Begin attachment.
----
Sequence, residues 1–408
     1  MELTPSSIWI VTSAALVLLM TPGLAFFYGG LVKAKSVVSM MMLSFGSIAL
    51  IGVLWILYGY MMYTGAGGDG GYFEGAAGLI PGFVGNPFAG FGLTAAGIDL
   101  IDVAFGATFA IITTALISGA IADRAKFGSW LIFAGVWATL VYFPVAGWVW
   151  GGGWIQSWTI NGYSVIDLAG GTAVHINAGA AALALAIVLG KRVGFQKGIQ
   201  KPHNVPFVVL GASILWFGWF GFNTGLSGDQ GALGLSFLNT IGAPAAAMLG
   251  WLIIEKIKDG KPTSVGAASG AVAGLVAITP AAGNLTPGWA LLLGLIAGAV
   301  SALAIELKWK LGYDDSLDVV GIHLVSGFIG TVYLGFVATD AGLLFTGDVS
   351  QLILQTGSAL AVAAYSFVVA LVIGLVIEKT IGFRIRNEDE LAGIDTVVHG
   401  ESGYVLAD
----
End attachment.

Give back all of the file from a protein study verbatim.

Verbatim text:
Sequence, residues 1–408
     1  MELTPSSIWI VTSAALVLLM TPGLAFFYGG LVKAKSVVSM MMLSFGSIAL
    51  IGVLWILYGY MMYTGAGGDG GYFEGAAGLI PGFVGNPFAG FGLTAAGIDL
   101  IDVAFGATFA IITTALISGA IADRAKFGSW LIFAGVWATL VYFPVAGWVW
   151  GGGWIQSWTI NGYSVIDLAG GTAVHINAGA AALALAIVLG KRVGFQKGIQ
   201  KPHNVPFVVL GASILWFGWF GFNTGLSGDQ GALGLSFLNT IGAPAAAMLG
   251  WLIIEKIKDG KPTSVGAASG AVAGLVAITP AAGNLTPGWA LLLGLIAGAV
   301  SALAIELKWK LGYDDSLDVV GIHLVSGFIG TVYLGFVATD AGLLFTGDVS
   351  QLILQTGSAL AVAAYSFVVA LVIGLVIEKT IGFRIRNEDE LAGIDTVVHG
   401  ESGYVLAD